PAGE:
I don’t know about you, but I love challenges to library materials. Challenges provide an opportunity for librarians to step back and evaluate not only the item that has been challenged, but also our philosophy, policies, and procedures.
While book challenges don’t happen every day, they are certainly something that libraries are prepared to handle. All you need is a diverse collection, fully trained staff, and a solid selection and reconsideration policy in place and you are ready for anything.
Last year, we observed that we were getting more challenges for displays and events than we were for library materials. With no official procedure in place for handling these challenges, we were inconsistent as the process really depended on who spoke with the customer. Since our staff put as much care into selecting displays, exhibits, and programs, we needed a way to approach these challenges with the same thoughtfulness that we would a book challenge.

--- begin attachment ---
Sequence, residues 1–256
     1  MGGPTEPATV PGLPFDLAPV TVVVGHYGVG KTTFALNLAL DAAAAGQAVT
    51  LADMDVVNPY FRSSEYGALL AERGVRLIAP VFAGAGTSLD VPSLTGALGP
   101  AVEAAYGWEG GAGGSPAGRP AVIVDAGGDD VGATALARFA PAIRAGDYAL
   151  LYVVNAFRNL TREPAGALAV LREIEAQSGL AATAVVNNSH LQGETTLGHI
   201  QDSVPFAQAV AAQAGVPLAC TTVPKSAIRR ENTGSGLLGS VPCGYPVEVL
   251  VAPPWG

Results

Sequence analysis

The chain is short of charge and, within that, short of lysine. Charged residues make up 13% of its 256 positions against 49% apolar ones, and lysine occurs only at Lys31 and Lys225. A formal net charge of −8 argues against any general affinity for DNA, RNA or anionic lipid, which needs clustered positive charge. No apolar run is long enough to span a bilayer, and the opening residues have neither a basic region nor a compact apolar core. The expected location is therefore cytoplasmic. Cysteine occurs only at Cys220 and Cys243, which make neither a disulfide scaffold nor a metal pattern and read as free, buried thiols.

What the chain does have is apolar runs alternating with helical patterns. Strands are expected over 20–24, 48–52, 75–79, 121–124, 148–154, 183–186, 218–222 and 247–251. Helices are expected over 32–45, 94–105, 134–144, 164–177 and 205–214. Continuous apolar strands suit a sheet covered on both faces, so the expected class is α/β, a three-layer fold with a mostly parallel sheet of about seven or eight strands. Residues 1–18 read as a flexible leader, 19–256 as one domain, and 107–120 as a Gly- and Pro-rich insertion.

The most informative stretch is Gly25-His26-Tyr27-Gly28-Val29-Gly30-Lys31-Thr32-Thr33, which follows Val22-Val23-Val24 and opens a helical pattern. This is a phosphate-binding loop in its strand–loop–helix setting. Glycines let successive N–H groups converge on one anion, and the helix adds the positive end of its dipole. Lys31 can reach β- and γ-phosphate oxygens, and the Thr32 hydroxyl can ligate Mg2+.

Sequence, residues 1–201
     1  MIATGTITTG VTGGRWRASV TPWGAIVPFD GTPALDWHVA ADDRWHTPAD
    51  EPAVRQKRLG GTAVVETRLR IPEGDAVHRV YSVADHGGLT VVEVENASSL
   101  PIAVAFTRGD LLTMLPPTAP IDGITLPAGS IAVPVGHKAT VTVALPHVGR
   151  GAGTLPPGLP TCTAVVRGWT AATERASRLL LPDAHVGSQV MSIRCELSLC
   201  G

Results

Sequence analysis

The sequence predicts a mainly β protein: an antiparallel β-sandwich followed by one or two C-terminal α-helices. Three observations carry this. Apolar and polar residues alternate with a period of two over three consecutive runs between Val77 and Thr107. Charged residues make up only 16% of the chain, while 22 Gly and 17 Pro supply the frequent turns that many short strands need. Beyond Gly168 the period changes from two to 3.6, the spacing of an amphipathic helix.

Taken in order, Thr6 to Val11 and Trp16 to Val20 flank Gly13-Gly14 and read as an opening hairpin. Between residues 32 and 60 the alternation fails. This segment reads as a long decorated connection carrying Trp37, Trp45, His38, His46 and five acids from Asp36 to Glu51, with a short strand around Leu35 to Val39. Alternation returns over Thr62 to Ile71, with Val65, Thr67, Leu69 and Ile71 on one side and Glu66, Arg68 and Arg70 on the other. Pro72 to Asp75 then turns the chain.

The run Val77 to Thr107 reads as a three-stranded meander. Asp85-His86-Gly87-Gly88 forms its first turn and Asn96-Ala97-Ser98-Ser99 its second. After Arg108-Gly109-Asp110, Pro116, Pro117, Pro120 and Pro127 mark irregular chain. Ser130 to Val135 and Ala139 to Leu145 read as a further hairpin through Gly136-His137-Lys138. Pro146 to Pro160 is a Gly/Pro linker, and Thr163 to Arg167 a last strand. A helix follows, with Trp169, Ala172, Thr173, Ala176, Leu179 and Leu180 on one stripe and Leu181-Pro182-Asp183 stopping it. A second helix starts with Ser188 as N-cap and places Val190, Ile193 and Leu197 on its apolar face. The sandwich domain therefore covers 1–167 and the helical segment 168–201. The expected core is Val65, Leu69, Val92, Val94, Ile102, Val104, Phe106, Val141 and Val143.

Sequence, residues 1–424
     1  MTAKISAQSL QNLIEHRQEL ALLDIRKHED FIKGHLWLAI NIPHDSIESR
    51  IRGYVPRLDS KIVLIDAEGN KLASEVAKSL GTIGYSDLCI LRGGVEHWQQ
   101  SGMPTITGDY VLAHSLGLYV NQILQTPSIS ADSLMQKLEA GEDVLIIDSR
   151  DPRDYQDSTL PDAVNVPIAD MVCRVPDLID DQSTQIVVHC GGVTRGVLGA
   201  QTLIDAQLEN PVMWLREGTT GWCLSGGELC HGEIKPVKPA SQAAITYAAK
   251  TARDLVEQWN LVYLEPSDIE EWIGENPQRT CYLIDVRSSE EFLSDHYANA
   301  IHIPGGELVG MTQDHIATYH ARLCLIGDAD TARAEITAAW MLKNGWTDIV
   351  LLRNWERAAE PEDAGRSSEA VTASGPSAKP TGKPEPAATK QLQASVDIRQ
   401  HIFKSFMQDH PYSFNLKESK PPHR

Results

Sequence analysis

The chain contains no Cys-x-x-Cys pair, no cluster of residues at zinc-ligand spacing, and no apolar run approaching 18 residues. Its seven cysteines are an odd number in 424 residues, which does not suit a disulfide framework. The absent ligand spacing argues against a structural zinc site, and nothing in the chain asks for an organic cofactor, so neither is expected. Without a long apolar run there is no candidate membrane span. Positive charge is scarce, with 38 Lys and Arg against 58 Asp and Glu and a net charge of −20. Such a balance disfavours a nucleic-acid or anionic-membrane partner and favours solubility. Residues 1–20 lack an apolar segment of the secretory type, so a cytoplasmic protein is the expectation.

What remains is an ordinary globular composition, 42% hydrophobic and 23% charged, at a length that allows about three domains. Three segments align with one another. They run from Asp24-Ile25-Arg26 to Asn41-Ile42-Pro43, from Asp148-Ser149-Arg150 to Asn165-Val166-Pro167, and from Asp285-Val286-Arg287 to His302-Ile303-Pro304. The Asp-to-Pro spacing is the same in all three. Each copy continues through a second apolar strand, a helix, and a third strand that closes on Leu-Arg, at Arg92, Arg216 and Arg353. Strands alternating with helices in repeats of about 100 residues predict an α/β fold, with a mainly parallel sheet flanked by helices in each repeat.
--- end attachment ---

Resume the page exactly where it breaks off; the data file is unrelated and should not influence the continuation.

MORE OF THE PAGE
After research and discussion, we updated our “Request for Reconsideration” form to include displays, exhibits, programs, and even a category for “Other”. This updated form works for any situation and ensures that we handle all challenges fairly.
While we are talking about challenges, here are a few resources:
Banned Books Week is September 22-28, 2019.
Need help with your selection and reconsideration policy? Check out the Office for Intellectual Freedom’s Toolkit.
ALA maintains a database of challenges, so be sure to submit your challenge here. Don’t worry, all personal and institutional information is confidential.